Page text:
Two shop assistants stand alone in a brightly lit and almost empty shop. One yawns and takes a surreptitious look at her watch. “It’s only 4.30!” I hear her say, in a mixture of dismay and disbelief.
I feel her pain. I too can’t wait to get home and take my contact lenses out in preparation for an early dinner and a good catch-up of Killing Eve or something equally edifying.
I remember, however, that I have this post to write first. This week brings the start of November, a month when many people struggle to stay upbeat and motivated.
We are in the season of short days but that doesn’t mean we need to go short on sleep. Here’s seven ways to survive the dark nights:
1. Focus on quality not quantity of your sleep. The body naturally wants to hibernate at this time of year. Going to work and coming home in the dark is sapping. It’s tempting to see more sleep as compensation for the lack of daylight. While it’s normal to want more shut-eye in the winter, don’t judge your sleep by the number of hours alone. Quality is just as important. Follow the basics of good sleep hygiene and the steps below.
2. Keep it regular – sleep thrives on consistency. Establish a time to go to bed and wake up, then stick to it. Even at weekends! Can’t wait for a long lie in and breakfast in bed on Sunday? Think again. Feeling sleepy relies on something called “sleep pressure”. This builds with each hour that you are awake. A Sunday morning lie-in means that now you won’t feel sleepy until later than your normal weekday bedtime. As a result, Monday morning arrives and you start the week already missing a couple of hours of healthy zzzzz’s. If you struggle to give up the idea of a lie-in at the weekend, then limit it to an hour max.
3. Set an alarm to wake up. If you use your phone, put it on silent mode and out of sight and reach when you get into bed. This prevents you checking the time if you wake up during the night (only leading to frustration at being awake). It also means that you have to get up when it sounds. Hitting the snooze button is far too tempting if the phone is within reach! You may kid yourself that it gives you a precious few extra minutes but in truth, any sleep you snatch will be fragmented and insufficient to add value. Use those few minutes to do something positive instead, such as enjoying your morning cuppa.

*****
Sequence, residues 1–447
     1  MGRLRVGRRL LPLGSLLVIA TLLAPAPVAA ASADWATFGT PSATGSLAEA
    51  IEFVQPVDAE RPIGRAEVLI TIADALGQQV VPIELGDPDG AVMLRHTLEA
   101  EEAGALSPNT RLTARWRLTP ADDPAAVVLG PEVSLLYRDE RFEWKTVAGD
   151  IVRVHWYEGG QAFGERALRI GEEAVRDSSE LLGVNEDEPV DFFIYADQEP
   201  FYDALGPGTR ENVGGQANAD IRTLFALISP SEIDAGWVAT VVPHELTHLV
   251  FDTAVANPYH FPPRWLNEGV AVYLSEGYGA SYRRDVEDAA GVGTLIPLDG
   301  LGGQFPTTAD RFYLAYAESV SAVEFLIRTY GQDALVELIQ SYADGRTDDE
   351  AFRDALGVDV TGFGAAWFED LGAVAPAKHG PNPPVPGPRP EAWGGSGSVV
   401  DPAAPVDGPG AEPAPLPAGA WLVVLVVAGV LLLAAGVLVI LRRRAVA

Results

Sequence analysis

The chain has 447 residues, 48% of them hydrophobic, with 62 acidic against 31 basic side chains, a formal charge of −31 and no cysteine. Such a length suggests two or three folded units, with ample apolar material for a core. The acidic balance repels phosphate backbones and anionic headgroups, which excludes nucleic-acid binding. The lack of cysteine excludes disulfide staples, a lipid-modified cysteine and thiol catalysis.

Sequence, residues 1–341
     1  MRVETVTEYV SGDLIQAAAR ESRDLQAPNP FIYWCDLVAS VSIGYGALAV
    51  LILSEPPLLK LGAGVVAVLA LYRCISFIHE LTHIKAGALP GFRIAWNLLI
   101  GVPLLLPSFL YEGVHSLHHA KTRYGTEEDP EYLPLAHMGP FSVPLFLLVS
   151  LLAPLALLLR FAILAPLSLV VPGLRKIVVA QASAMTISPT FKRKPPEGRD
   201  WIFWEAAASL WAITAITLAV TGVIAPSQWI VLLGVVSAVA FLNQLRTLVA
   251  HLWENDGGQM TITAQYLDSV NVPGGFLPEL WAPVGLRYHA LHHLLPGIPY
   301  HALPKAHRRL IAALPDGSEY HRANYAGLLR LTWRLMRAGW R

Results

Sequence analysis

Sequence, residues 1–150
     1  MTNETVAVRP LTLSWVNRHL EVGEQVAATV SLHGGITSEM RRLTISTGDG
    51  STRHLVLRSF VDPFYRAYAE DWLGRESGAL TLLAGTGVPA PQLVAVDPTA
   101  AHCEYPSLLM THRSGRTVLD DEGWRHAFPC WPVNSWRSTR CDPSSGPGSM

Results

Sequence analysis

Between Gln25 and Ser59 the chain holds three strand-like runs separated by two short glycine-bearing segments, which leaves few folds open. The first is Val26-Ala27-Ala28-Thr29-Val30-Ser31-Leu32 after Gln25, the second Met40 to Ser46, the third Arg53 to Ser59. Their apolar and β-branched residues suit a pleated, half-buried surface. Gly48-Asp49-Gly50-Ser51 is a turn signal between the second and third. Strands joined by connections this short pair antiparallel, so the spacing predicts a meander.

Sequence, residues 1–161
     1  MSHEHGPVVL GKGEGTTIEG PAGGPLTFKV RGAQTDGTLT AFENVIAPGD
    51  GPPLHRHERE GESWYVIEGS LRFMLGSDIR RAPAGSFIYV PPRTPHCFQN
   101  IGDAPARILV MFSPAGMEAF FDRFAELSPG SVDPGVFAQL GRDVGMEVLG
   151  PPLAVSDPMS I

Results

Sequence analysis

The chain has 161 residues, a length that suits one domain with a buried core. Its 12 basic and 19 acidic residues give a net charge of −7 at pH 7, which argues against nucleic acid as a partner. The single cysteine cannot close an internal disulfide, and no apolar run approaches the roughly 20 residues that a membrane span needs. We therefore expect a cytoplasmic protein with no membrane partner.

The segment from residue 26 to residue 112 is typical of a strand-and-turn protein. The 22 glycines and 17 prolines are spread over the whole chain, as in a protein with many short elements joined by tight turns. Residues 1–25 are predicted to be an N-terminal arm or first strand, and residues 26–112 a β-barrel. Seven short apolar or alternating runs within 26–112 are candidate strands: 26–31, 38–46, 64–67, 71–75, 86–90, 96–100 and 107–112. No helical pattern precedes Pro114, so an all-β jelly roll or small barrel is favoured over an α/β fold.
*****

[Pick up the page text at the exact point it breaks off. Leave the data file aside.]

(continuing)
4. Get outdoors once a day. The body has a biological clock that runs on a cycle which is a little over 24 hours. Left unregulated, our sleep habit will drift forward so we go to sleep later and later. In extreme cases, this can lead to Circadian Rhythm disruption, where the body clock is no longer aligned to the natural cycle of day and night. Natural daylight re-sets the biological clock to the 24 hour cycle, meaning that all the biological processes essential for good health happen at the optimum time. Aim to get about 30 minutes of early morning light if you can, as studies show that people who are exposed to early morning light sleep more soundly at night. I know though that this can be difficult to fit into your already busy day. Be creative – walk part of the way to work or have your first meeting of the day outside (walk and talk is a great way of generating fresh perspectives). Or start small. Get up earlier once a week and go for a brisk walk or jog. Remind yourself that although you have given up half an hour of time in bed, you are gaining sleep quality.
5. A mid-afternoon slump is natural. This is when the Circadian clock has a small dip and then recovers. An afternoon nap can be helpful, as long as it doesn’t hinder your sleep at night. It’s not just Google but also some smaller UK companies that are starting to recognise the benefits and provide “nap pods” or quiet rooms for their people) If a siesta isn’t possible, then change your activity. Stand up, move away from your computer, stretch, go outside, walk up the stairs, play some upbeat music or go chat to someone.
6. Accept that you will be affected by the long, dark evenings. This is the time when Nature intended us to be harvesting the crops, clearing the ground and taking stock. November might not be the best time for you to be starting a new project or putting pressure on yourself to be at your most creative. If you’re in the fortunate position of being able to control your work schedule, think about working more in tune with your natural energy levels. Tasks based on reflecting, consolidating and organising are good things to do around this time. Don’t worry, in January as the days lengthen, you’ll get your mojo back – and all the stronger for a period of winter re-balancing.
7. Vary your evening routine so that weekday evenings don’t merge together to form one dark blur. Plan one night a week where you do something different – socialise, go to an evening class, set yourself a pleasurable project, be it researching your family history, learning a new skill or going to a book club. Most importantly, put it in your diary and stick to it! R and R is just as important for our performance as the stuff we do between 9 and 5.
Remember, it’s perfectly natural to feel different, both physically and emotionally different about work and life in general during the winter. With a little thought and adaptation, however, you can both survive and thrive.